There’s a reason we call it global climate change. It’s happening everywhere, and all of Earth’s inhabitants are in it together.
This basic reality informs The Nature Conservancy’s approach to climate change. We seek solutions that not only make our world more resilient but are adaptable to a tapestry of environmental, social and economic settings planet-wide. More often than not, nature itself shows us these solutions.
A connection to nature is a hallmark of our climate-change initiatives. Shared expertise within the Conservancy makes our work even more effective.
Global Perspectives, Local Connections
Our global, nature-based approach is more than a philosophy; it’s a working network of ideas, strategies and actions involving scientists, planners and communities from La Push, Washington, to Liangshan, China.
Here in Washington state, our coastlines, estuaries, forests and mountains pose a microcosm of climate-change challenges facing regions worldwide. Rising sea levels impact our coastal communities and farms. Hotter temperatures increase wildfire risk in our forests and shift harvest times for farmers. Diminished forests mean warmer, siltier rivers, reduced natural water storage and excess carbon in the atmosphere. As with so many places in the world, Washington’s cultural and economic identity is closely linked to these threatened resources. It’s more urgent than ever to protect them.
The strategies that guide our projects worldwide — nature-based solutions, community partnerships — guide us here in Washington. And in some cases, strategies that are solving problems across the country and in distant continents start right in our state.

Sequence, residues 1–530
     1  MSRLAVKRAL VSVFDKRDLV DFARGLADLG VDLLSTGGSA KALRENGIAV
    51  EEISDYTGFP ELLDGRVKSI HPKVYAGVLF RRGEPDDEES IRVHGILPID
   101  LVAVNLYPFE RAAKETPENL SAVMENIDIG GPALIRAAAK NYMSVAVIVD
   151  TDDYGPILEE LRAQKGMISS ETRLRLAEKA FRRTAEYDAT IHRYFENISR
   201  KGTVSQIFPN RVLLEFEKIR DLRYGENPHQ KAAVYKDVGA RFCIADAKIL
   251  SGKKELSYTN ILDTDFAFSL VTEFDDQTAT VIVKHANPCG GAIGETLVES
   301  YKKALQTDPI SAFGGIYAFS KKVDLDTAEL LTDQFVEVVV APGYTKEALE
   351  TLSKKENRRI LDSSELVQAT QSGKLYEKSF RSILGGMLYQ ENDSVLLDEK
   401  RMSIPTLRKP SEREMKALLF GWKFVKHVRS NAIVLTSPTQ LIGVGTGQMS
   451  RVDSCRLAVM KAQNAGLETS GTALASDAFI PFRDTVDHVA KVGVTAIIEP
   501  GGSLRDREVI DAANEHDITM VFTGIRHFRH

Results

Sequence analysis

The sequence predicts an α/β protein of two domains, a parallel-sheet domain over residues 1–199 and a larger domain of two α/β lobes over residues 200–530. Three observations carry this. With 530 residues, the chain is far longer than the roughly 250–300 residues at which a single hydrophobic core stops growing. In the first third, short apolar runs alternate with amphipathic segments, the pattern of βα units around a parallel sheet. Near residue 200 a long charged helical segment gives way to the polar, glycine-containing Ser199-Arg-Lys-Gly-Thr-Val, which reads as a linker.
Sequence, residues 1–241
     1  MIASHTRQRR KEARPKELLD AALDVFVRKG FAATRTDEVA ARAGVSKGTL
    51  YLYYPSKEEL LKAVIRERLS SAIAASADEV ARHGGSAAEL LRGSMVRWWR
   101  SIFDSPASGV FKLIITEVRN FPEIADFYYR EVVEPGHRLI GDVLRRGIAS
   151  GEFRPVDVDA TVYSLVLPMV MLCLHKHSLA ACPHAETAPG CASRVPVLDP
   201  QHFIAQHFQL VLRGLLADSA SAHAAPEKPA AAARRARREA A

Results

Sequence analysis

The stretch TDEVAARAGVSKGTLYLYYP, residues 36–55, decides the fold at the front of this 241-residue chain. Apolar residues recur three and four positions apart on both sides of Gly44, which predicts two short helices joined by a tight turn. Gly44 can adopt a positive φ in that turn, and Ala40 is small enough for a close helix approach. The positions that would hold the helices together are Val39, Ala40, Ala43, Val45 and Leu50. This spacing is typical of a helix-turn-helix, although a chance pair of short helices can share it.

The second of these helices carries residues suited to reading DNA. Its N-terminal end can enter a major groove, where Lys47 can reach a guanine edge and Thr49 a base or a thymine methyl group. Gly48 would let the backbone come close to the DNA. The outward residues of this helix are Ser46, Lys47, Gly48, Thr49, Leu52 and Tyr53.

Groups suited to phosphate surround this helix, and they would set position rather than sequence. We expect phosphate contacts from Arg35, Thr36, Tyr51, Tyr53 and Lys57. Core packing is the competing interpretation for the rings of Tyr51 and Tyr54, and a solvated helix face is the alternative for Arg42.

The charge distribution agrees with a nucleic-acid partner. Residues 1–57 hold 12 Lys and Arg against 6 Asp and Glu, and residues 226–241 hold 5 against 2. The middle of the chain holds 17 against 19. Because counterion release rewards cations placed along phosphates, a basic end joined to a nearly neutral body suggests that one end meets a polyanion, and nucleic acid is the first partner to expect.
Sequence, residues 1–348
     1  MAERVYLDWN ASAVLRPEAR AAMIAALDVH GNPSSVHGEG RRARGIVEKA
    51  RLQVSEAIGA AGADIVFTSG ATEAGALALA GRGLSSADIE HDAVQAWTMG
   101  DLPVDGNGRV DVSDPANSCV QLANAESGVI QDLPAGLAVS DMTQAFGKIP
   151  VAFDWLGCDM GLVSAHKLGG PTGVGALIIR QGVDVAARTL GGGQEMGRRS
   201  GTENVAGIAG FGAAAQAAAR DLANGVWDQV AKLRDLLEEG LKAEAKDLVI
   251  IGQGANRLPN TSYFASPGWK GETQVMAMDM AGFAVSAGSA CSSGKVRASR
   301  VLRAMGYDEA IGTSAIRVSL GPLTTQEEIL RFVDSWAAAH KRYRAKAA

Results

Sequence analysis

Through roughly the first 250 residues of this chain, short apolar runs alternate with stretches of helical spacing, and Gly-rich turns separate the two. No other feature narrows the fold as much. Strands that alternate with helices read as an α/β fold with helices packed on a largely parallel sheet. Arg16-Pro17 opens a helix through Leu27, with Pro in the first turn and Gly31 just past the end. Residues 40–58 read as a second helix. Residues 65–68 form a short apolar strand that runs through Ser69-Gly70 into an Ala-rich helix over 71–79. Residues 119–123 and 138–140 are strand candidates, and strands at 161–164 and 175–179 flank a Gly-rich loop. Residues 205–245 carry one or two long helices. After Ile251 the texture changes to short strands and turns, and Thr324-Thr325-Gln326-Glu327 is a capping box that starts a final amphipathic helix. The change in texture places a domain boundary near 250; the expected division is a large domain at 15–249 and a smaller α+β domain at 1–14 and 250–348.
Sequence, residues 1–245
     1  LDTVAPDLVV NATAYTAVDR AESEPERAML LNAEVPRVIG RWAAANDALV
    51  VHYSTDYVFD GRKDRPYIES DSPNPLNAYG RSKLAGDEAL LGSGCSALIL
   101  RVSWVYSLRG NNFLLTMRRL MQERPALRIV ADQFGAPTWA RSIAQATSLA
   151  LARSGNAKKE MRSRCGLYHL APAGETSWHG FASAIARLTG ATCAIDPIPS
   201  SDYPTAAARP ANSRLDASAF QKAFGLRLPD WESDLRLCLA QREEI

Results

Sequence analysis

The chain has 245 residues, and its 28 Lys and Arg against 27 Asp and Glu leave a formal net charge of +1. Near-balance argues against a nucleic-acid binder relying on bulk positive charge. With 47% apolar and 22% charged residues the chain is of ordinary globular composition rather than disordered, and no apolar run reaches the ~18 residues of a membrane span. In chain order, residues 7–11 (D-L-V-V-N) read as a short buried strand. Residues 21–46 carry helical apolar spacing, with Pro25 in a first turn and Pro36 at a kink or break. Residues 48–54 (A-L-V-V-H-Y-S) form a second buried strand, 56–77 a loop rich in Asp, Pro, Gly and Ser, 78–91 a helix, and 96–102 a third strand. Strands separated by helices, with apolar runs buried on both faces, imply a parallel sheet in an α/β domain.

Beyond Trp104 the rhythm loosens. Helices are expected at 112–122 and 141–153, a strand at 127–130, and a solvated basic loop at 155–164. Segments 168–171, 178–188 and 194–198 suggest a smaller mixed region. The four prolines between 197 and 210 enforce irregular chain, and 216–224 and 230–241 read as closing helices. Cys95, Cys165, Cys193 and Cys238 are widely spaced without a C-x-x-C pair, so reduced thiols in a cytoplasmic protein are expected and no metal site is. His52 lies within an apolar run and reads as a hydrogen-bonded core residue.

Guided By Nature
The best of those strategies center on letting nature take the lead. They balance “gray,” human-built infrastructure with natural “green” infrastructure that provides powerful protections courtesy of nature. We are keenly aware that if we protect nature, nature can protect us.
Forests are a great example. In Eastern Washington’s dry forests, tools such as thinning and controlled burning help restore the landscape while strengthening resilience to droughts and wildfires. But until recently, guidelines for restoring broad, dry forest landscapes were not well defined, explains Ryan Haugo, TNC Oregon's director of conservation. “Here in the Pacific Northwest, we developed an approach to assess restoration needs across vast forest landscapes. That approach now also guides efforts as far afield as the central Appalachians.”
We’ve led the way in shoreline protection, too. As sea level rises and more frequent storms erode shorelines, coastal communities and developments are more vulnerable than ever. We see this in Washington, and we see it worldwide.
Natural “green structures,” such as marshes and coral reefs, slow approaching waves and accumulate sediment to ensure resilient coasts. When those natural defenses are compromised, we help nature rebuild.
At Port Susan Bay in Puget Sound, we removed dikes that had starved a portion of tidal marsh of sediment and fresh water for decades. In the area we helped restore, nature quickly began adding new sediment, and now it is accumulating fast enough to protect the ecosystem and its wildlife as sea levels rise. Resiliency is on the rebound.
From Washington to the World
A Coastal Defense App developed to guide restoration in Port Susan Bay has since “blossomed,” says Zach Ferdana, the global coastal resilience lead in Washington. The app is now used in nearly 20 states and has even gone global. Recently, the Conservancy used the app to help design a near-shore coral reef on the Caribbean island of Grenada. Now nature is building the reef, protecting the shoreline from storms and rising seas.
From Port Susan Bay to Eastern Washington’s forests, our statewide work informs, and is informed by, The Nature Conservancy’s global expertise. Such connections and innovative solutions give us a uniquely effective role in adapting our entire world to climate change.